Maybe it’s because Canada is careful about following the U.S. lead in bad jurisprudence decisions and making those same mistakes. Canada learned that Miranda shouldn’t taint “the fruit of the poison tree” nor should DeLorean dictate rules of entrapment. Canada has this thing called the Charter of Rights and Freedoms which says that criminal evidence has a “Bringing the Administration of Justice into Disrepute” test. This is a two-headed coin where artificially dismissing truthful evidence under a Miranda application or Delorean entrapment procedure would not be in the public interest. In fact, not allowing truthful evidence gained through the Mister Big investigative approach would bring the administration of justice into disrepute, at least in the common person’s common-sense view.
Canadian courts look at each case on its own merit—within general admissibility guidelines. In Canada, there’s nothing wrong with police officers tricking viable suspects into incriminating themselves as long as the authorities don’t threaten them and make them do something they wouldn’t do within their own free will. In other words—let them talk, be themselves and naturally confess their crimes.
The main criteria for allowing confessions made in Mister Big stings into trial evidence is they’re corroborated in some way that proves the accused is truthful. That’s usually by the accused disclosing some piece of key-fact or hold-back information known only to the crime’s perpetrator and those closely involved in the investigation. This is the safeguard in preventing false confessions from convicting a wrongfully accused and innocent person.
RCMP Mister Big stings don’t just happen. They’re tightly controlled operations where highly skilled investigators collaborate with many support services. Mister Big undercover operations employ technical units like wiretapping, bugging and clandestine visual surveillance professionals. Stings use mobile eyes like airplanes and drones. They use prompts, staging, costumes and makeup worthy of Broadway theatre productions. And undercover operations depend on psychological services like the Behavioral Science Unit for profiling targets to find vulnerabilities. They also protect the physical and mental health of their operators.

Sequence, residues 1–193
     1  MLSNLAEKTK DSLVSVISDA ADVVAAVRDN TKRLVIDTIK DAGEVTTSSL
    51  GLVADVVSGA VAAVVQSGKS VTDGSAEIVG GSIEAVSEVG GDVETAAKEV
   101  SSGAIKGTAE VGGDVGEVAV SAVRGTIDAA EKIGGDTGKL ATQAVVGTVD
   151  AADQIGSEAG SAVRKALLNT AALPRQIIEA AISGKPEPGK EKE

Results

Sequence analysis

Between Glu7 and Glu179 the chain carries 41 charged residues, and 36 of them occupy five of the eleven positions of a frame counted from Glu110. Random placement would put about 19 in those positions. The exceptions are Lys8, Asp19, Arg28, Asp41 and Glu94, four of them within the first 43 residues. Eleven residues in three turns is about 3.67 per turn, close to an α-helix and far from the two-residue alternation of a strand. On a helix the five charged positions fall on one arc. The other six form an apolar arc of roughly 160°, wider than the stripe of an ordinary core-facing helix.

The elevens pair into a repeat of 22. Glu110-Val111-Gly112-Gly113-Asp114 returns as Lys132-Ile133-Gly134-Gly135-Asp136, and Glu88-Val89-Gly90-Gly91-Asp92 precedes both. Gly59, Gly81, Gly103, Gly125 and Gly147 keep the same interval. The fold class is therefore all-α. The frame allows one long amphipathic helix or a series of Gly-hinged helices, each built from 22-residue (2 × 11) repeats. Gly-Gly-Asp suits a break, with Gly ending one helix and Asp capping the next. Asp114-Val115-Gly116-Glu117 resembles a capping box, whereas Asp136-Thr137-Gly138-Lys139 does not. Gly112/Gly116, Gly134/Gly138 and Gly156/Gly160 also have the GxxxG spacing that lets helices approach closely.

Why don’t the United States and other first-world countries use the Canadian-led Mister Big technique? Actually, they do. Because the Mister Big investigation technique is legal in Canada—within limits—confessions gained on Canadian soil can be admissible in the U.S. and other courts. Other countries team with the RCMP to have undercover operations done inside Canadian territory.
The case of Atif Ratay and Sebastian Burns is a prime example of international investigation cooperation. Ratay and Burns brutally murdered Ratay’s family in Seattle, Washington, with baseball bats to collect insurance money. Then they fled across the border to their native Canada and eventually fell trapped in the RCMP’s Mister Big sting. After confessing, these two killers were extradited back to the United States where they sit doing life.
The RCMP exports its Mister Big sting expertise worldwide. Seasoned RCMP operatives and instructors from the Canadian Police College help many international police agencies develop versions of the Mister Big sting that work in their countries. It’s all about finding crime-fighting tools that identify the guilty—and, yes—sometimes exonerate the innocent.
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On a personal note from DyingWords, I worked with the RCMP members who pioneered the Mister Big undercover investigative technique. Their names remain anonymous, although one’s now passed on and the other recently retired. These dedicated police officers thought outside the restricted confines that stop imaginative breakthroughs in police sciences. Truly, they were ahead of their time.
I joined the RCMP in 1978 and just graduated from the Academy when Garry Taylor Handlen abducted, raped and murdered Monica Jack. Over the years, I helped investigate still-unsolved murders that Handlen may have committed. And I worked with talented undercover operators on Mister Big stings where we had success when other investigative avenues failed.
I’m not plugging a book sale here. My based-on-true-crime novel Under The Ground follows an actual Mister Big undercover sting where a cold-blooded killer might have got away with murder if Mister Big hadn’t intervened. Under The Ground is free for DyingWords followers.